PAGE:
In the February 2006 issue of Worst Pills, Best Pills News, we reported on a study published in the December 2005 issue of the medical journal Hepatology that found that the annual percentage of potentially fatal acute liver failure cases caused by acetaminophen rose from 28 percent in 1998 to 51 percent in 2003. The authors of this study concluded:
... acetaminophen hepatotoxicity far exceeds other causes of acute liver failure in the United States.
This study found that unintentional overdoses were responsible for 48 percent of the acute liver failure cases. Intentional overdoses, or suicide attempts, accounted for 44 percent of episodes. In eight percent of the cases, the intent was unknown. Of the patients who overdosed unintentionally, 38 percent took two or more acetaminophen containing products simultaneously, and 63 percent used narcotic combination painkillers that contained acetaminophen.
The list of acetaminophen containing prescription and over-the-counter (OTC) drug products is long. The list below gives the brand names and amount of acetaminophen contained in one dose of various painkillers and products widely promoted for colds and flu.
BRAND NAME - AMOUNT OF ACETAMINOPHEN PER DOSE
Drixoral Plus - 500 milligrams
Excedrin Migraine - 250 milligrams
Extra Strength Tylenol - 500 milligrams
Fioricet - 325 milligrams
Lortab - 500 milligrams
Percocet - 325 milligrams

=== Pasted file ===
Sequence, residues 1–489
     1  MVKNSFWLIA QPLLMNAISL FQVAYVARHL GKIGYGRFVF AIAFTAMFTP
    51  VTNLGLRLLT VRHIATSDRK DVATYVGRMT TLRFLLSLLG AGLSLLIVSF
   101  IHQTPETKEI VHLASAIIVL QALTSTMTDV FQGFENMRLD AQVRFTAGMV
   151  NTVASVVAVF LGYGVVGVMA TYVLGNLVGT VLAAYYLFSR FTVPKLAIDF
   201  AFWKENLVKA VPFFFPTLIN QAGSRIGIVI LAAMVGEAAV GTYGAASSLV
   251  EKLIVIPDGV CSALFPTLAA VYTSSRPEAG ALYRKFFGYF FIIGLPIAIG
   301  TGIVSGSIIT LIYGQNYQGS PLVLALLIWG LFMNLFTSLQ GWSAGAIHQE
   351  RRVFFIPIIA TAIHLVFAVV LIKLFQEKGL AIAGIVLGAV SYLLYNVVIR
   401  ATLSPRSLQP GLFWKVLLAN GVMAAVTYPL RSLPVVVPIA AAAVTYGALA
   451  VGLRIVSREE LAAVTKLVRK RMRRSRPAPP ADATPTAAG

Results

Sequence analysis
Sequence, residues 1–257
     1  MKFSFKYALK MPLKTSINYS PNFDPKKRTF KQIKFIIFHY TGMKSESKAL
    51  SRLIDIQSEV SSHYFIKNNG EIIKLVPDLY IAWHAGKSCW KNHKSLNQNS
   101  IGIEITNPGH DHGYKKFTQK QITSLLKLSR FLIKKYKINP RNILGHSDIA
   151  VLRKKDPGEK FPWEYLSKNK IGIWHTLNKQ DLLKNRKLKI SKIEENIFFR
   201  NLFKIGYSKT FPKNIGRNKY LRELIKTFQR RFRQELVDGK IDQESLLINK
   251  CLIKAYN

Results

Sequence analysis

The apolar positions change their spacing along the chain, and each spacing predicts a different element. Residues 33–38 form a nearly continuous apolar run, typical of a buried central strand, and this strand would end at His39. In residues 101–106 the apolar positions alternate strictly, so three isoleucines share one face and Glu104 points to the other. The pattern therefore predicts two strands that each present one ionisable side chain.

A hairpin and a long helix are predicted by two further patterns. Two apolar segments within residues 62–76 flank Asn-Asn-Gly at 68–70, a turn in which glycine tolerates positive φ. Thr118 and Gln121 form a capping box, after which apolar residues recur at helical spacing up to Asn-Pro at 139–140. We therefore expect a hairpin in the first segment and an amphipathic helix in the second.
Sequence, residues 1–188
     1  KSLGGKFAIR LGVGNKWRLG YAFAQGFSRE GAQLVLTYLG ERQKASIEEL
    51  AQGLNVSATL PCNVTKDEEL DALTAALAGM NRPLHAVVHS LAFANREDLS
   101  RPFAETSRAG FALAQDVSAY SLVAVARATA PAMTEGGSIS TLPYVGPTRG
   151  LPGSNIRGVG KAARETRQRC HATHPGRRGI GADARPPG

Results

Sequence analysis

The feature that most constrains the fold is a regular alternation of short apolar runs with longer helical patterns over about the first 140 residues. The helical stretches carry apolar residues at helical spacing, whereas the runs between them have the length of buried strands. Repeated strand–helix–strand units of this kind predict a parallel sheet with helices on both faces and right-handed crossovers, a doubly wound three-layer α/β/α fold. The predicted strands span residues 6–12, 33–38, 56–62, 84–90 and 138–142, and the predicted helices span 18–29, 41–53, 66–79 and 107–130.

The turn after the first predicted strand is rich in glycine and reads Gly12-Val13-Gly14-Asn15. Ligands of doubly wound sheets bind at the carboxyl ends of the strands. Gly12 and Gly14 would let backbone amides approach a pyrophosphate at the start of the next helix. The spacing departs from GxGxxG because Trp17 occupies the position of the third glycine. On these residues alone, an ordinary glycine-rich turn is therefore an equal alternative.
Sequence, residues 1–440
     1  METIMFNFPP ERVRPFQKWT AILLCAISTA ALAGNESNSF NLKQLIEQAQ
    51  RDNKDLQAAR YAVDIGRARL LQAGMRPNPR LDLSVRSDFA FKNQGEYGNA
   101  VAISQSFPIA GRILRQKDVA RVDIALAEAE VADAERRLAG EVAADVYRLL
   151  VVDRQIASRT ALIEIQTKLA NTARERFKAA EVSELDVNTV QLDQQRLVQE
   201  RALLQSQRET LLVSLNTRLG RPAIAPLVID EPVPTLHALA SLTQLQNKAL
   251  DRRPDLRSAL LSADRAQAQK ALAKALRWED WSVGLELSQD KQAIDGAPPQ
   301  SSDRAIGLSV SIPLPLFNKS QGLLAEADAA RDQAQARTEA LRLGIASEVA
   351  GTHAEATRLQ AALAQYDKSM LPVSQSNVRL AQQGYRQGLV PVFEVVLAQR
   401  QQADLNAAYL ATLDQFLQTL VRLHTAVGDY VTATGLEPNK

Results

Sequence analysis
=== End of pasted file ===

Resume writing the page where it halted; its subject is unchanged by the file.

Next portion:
Regular Strength Tylenol - 325 milligrams
Tavist Allergy/Sinus/Headache - 500 milligrams
Tylenol Caplets - 650 milligrams
Tylenol Geltabs - 650 milligrams
Tylox - 500 milligrams
Vicks DayQuil Multisymptom Cold/Flu Relief - 325 milligrams
Vicks NyQuil - 500 milligrams
Vicodin - 500 milligrams
The amount of acetaminophen contained in OTC drugs is clearly listed on the label. Always read these labels before taking any OTC drug to make sure you are not taking the same drug such as acetaminophen in two or more products. Many prescription painkillers contain a combination of a narcotic drug and acetaminophen. Examples of these drugs from the list above are Lortab, Percocet, and Tylox. If you are prescribed a painkiller, ask your pharmacist if it also contains acetaminophen. Mixing various OTC drugs and prescription painkillers may result in taking too much acetaminophen.
Alcohol in combination with acetaminophen can increase the risk of liver toxicity. OTC acetaminophen products now have the following warning on their labels:
Alcohol warning: If you consume 3 or more alcoholic drinks every day, ask your doctor whether you should take acetaminophen or other pain relievers/fever reducers. Acetaminophen may cause liver damage.
There are two important points that you should always consider. One, just because a drug is sold OTC does not mean that it is totally safe. Acetaminophen is a prime example. Two, when using any OTC product, always use the lowest dose that helps your symptoms. See your physician if symptoms persist.
What You Can Do
You should carefully read the labels on OTC drug products. If you are prescribed a painkiller, ask your pharmacist if it contains acetaminophen. There is new reason for concern in using 4 grams a day of acetaminophen for more than 4 days that should preclude such usage. If you consume alcoholic beverages (see above), even this amount may be dangerous.
If you or a family member develop any of the symptoms of potential liver toxicity, stop taking all acetaminophen-containing products and call your physician immediately. These symptoms are:
-Pruritus (itchy skin)
-Jaundice (yellowing of the skin or whites of the eyes)
-Upper right-sided abdominal tenderness (location of the liver)
-Unexplained "flu-like" symptoms